Deciding to RemarryEnhancing Your Stepcouple RelationshipStepcouple Challenges

Your Baggage Will Meet You At Your Next Destination

By April 29, 2010 3 Comments

Yesterday was my husband’s birthday. As always we had the kids and grandchildren over for dinner. This birthday party was particularly nice. Beautiful day. Potluck so everyone brought goodies. It was peaceful and fun – no fights or hurt feelings. (This may be a first!) Grandkids played with their cousins. The ADULTS…where did the time go!??… sat around, talked about the news, their kids, etc… We joked about family memories we can laugh about now.

It has not always been that way. Like any stepcouple and stepfamily, we had to get here. The only way we made it was by facing our issues and fighting hard to resolve them.

What I’m talking about are those Unresolved Emotional Issues (a.k.a. baggage) that we grew up with and held on to through adolescence and into adulthood. (By the way, it never goes away completely!) The powerful effects of our UEI’s are experienced and played out in our relationships. Their demons come around when we’re in an emotional conflict of some sort. They write the scripts for the roles we play and positions we take. Without even knowing it, our demons rule us – unless or until we address them and change the script.

I grew up with a terrible inferiority complex. In my family of origin, I was never good enough… or even good at all… so I thought. I married young and impulsively. My husband left with me with two kids to raise. After my divorce, I was more sure than ever that I was worthless and unlovable.

I turned right around and married a man with kids who needed to be cared for and raised… by someone.

As a stepcouple, this is where the work on the Unresolved Emotional Issues began. In the beginning of my remarriage, I was completely out of my element. The kids were killing me. I was a failure. I should have never taken this on! Losing the battle, losing control, I WAS ANGRY. Angry at myself, angry at my parents for not raising me better, angry at both our exes, and angry at the kids… blah, blah, blah

On the other hand I loved this man and he loved me back! That alone was the medicine I needed. It was time for me to grow up and take responsibility, rather than blaming others, for my UEI’s… and the power they had over me.

As a stepcouple, my husband and I trusted each other. We were a team. We took it one day at a time, facing what we had to face. Individually and mutually, we dealt with our issues as they came up. We saw a counselor who helped us pinpoint our issues and guide us in the right direction.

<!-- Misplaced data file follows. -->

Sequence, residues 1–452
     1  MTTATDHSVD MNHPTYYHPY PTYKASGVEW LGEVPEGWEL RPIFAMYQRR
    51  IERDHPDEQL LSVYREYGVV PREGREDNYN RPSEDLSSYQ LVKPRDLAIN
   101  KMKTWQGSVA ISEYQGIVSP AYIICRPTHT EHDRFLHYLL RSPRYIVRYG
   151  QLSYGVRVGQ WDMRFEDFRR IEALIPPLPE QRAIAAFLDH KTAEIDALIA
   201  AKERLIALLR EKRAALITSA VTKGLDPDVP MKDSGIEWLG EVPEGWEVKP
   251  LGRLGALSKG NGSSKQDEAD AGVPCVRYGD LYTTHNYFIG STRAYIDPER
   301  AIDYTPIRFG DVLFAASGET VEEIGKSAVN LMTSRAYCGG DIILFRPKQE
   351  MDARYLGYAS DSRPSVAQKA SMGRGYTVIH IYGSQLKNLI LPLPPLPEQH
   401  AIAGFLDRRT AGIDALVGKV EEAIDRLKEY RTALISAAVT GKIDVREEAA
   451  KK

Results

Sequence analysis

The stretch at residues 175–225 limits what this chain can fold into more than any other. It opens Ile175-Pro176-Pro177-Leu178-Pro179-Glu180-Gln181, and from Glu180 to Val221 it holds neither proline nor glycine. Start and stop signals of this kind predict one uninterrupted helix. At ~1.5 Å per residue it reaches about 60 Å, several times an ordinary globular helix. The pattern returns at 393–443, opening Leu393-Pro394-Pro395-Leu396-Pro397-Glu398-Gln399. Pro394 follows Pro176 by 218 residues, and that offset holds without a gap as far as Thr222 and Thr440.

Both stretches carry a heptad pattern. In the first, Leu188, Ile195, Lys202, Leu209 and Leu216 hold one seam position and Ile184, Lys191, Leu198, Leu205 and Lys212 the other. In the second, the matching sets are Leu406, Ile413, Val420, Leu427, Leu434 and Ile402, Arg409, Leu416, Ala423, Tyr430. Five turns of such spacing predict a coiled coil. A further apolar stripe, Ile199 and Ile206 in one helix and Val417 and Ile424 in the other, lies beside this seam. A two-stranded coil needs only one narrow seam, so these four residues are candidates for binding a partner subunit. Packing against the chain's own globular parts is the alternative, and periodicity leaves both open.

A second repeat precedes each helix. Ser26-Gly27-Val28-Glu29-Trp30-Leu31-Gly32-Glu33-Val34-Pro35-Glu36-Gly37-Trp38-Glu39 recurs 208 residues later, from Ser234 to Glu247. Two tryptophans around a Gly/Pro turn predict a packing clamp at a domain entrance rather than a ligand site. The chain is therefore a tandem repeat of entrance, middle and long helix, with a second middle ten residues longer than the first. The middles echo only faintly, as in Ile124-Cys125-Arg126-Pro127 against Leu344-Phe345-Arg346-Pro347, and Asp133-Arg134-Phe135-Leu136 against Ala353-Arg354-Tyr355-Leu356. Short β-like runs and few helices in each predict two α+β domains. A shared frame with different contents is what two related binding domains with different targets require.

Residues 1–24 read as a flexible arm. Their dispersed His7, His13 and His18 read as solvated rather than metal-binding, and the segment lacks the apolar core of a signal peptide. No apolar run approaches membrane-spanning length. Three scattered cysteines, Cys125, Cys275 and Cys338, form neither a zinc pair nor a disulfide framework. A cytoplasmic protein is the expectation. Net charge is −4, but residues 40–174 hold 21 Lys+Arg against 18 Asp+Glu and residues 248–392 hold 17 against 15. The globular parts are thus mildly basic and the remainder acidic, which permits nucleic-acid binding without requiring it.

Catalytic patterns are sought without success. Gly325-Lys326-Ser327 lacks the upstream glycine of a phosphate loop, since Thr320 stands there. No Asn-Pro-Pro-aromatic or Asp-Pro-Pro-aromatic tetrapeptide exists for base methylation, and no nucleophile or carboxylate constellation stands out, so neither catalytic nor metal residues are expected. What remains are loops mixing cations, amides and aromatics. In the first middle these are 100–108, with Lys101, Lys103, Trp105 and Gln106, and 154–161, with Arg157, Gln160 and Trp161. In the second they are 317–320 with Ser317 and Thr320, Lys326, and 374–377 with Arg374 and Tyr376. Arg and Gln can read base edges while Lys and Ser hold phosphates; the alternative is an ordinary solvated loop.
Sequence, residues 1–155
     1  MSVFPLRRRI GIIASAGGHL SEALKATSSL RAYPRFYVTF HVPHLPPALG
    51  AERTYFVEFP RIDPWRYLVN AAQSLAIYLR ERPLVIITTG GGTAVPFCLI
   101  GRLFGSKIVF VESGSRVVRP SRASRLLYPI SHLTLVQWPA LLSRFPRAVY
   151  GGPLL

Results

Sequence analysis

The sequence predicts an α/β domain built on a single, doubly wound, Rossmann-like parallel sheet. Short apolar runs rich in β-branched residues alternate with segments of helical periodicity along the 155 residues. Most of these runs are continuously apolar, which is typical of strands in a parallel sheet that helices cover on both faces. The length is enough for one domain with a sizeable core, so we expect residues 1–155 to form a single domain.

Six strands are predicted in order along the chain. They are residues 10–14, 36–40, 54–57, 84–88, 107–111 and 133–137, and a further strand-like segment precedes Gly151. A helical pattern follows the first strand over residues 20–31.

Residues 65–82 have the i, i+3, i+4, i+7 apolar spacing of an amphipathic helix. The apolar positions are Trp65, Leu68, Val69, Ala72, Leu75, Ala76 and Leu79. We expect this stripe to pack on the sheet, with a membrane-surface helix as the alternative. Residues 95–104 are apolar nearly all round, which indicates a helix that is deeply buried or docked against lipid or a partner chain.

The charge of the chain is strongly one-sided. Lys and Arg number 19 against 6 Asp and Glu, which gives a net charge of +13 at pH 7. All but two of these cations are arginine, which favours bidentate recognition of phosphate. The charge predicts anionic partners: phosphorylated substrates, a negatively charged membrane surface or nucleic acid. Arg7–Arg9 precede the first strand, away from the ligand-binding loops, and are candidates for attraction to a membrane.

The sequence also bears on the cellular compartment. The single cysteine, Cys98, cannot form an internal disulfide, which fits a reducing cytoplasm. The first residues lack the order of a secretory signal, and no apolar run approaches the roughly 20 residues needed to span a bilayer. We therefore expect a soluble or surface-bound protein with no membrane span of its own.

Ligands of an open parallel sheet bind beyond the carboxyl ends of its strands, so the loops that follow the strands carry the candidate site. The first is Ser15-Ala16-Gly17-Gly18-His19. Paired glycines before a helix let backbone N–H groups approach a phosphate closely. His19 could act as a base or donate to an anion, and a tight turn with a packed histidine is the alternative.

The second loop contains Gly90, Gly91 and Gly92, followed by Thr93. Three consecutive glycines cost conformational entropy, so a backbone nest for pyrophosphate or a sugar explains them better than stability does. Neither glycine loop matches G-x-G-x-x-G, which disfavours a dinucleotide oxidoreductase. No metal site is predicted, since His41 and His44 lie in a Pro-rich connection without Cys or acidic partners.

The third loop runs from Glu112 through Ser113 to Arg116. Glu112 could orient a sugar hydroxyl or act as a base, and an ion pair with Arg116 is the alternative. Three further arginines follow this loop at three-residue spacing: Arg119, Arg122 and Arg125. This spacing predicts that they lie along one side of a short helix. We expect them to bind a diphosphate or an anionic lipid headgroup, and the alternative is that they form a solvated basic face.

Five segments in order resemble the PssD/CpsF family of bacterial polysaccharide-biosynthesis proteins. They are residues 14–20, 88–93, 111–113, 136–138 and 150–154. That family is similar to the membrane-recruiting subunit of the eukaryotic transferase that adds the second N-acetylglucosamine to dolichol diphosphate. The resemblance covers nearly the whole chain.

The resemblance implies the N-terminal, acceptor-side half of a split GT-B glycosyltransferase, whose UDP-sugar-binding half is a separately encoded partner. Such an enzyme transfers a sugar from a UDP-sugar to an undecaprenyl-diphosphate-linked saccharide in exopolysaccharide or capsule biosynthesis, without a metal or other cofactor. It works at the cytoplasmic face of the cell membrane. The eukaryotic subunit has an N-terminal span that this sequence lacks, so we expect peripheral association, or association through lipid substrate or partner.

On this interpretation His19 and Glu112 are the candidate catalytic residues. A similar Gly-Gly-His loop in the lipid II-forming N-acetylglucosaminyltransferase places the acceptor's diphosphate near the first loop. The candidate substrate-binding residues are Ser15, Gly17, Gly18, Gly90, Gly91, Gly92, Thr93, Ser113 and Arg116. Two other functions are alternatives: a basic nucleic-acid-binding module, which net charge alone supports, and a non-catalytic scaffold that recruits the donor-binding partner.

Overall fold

This is a developmental process. It can happen only if/when you’re ready to become consciously aware of yourself, including understanding your UEI’s and how they drive you. When you’re ready to understand and address those issues, they no longer hold the power to rule as before. The journey to heal and move on begins here.

I was ready… so was he. We had a job to do which was raising five kids. As I moved into the position of wife, mother and stepmother, I gained confidence. I was finally growing up.

As our stepfamily celebrated Sunday, I was proud and happy. Our kids are married and have families of their own. They have their kids to raise and hurdles to overcome, I’m sure… just as we did. But that’s not my business. I’m off duty now!

Some guidelines to think about when you want to understand and communicate with your partner better. (It’s always a good idea to think before you spout! It’s helpful to keep a journal too.)

As a stepcouple, what do you need? What does your partner need? What are your stepcoupling issues?

In the meantime …

  • Take an honest look at who you are and what your UEIs are. (Unresolved Emotional Issues) How do those issues play out in your relationships with your partner, your kids… stepkids…others?
  • Ask yourself what you want in your stepcouple relationship. What are you willing to give and receive from your partner?
  • Look for familiar patterns that get in the way of your happiness and fulfillment.
  • Develop the art of self-awareness and communication. Be willing to talk with, listen to and hear your partner. Be curious and respectful with each other.
  • Do you know how to please your partner? Does he know what pleases you?
  • Does your partner bring out the best…or the worst… in you?
  • How do you handle conflict? Are your styles similar or different from each other? Does that cause problems? What about parenting styles?

For more info about unresolved emotional issues and how they play out in stepcoupling, I suggest that you read Chapter 7 of my book, Stepcoupling: Creating and Sustaining a Strong Marriage in Today’s Blended Family. Three Rivers Press, 2002. It’s available on

Susan Wisdom
Licensed Professional Counselor

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